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Team Science Provides Foundation for Advances in Pediatric Brain Tumors

Historically, scientific investigation could be solitary and siloed, due to the competitive nature of the pursuit of ideas and need to secure funding to support research. However, the important concept of “team science” has emerged in recent years, given the evidence that collaborative, multi-disciplinary research has far greater potential to lead to discoveries which can transform disease outcomes. This is particularly true in the case of pediatric cancer research, where experts from around the globe need to work together to tackle big questions and promote innovative ideas. One strong example of this is the Children’s Brain Tumor Network, or CBTN.

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Brain tumors are the leading cause of death in children in the United States, and the median age of death in a child with a brain tumor is only nine years old. Despite our best efforts and decades of research, there persists a real and pressing need to improve these statistics through meaningful, impactful research that can lead to discoveries that change brain tumor outcomes. One reason for this lack of progress over time is the relative paucity of access to pediatric brain tumor specimens for molecular study, particularly in the case of rare or deep seated tumors that cannot be safely removed. Without specimens for study, there can be little progress in understanding the biology of this disease, which is needed in order to find more effective treatments.

Brain Scans

Enter the CBTN. Launched in 2011 and first known as the Children’s Brain Tumor Tissue Consortium (CBTTC), this organization’s goal was to break down the barriers to collaborative, specimen-based pediatric brain tumor research. Funded by generous donations from foundations and patient families, this organization has grown into a global enterprise with over 32 member institutions across the US, Europe, Asia and Australia that donate tumor tissue, blood, urine, and cerebrospinal fluid specimens from children and young adults with brain tumors. Located in the Children’s Hospital of Pennsylvania in Philadelphia, the CBTN is now the largest biorepository for pediatric brain tumor specimens, with over 40,000 specimens collected from more than 3,600 patient subjects to date. These specimens come from patients with a range of different brain tumor subtypes, and in many cases are collected longitudinally over time, facilitating the study of response to various treatments. Scientists may request these well-preserved specimens to support their research, and can share their findings with the global scientific community, promoting collaboration and accelerating discoveries.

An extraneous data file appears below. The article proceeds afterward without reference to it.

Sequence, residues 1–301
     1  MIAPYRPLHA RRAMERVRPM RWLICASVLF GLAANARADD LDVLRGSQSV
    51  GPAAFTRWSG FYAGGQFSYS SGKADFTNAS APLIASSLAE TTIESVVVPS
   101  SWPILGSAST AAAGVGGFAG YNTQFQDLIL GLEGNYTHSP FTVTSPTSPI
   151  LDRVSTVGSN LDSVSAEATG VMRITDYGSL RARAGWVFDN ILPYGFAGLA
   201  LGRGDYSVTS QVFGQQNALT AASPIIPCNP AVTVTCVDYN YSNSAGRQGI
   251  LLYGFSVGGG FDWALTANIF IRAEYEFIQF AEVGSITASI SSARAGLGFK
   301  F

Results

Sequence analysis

Children Playing

Importantly, and perhaps most innovatively, the CBTN is not just a physical biorepository of tumor specimens, but also a hub for clinical and molecular data that can be accessed by clinicians and scientists to propel research. This is because each patient specimen is paired with clinical data, including patient attributes, disease course, and even brain MR and tissue slice images. In addition, the CBTN performs their own molecular analysis on the bulk of the specimens in their repository, so that researchers can access not only tumor specimens for their own analysis, but sequencing data such as the DNA, RNA, and protein content of these specimens as well. Further, the CBTN provides open use access to cloud-based sequencing platforms, CAVATICA, PedcBioPortal, and the Gabriella Miller Kids First Data Resource Center, as well as bioinformatic support to help facilitate data analysis and harmonization.

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PedcBioPortal for Integrated Childhood Cancer Genomics Logo
Gabrilla Miller Kids First Pediatric Research Program Data Resource Center Logo

As a result of these efforts, the CBTN now supports over 145 ongoing scientific projects with their specimens and / or data, conducted by clinicians and scientists from around the world. In 2019, researchers working with the CBTN generated the Pediatric Brain Tumor Atlas, the largest, most comprehensive molecular characterization of hundreds of brain tumors that can be used by scientists around the world to support their research. In addition, over 170 scientific publications in leading academic journals have resulted from the study of CBTN specimens, characterizing impactful and o􀇻ten critical research discoveries. Indeed, the CBTN is an unmatched example of the power of collaborative research to accelerate scientific discovery, and serves as an invaluable resource to the pediatric cancer research community.

Amanda Saratsis, MD
Board Member, Scientific Affairs
Jeri Wilson
Executive Director, CSPG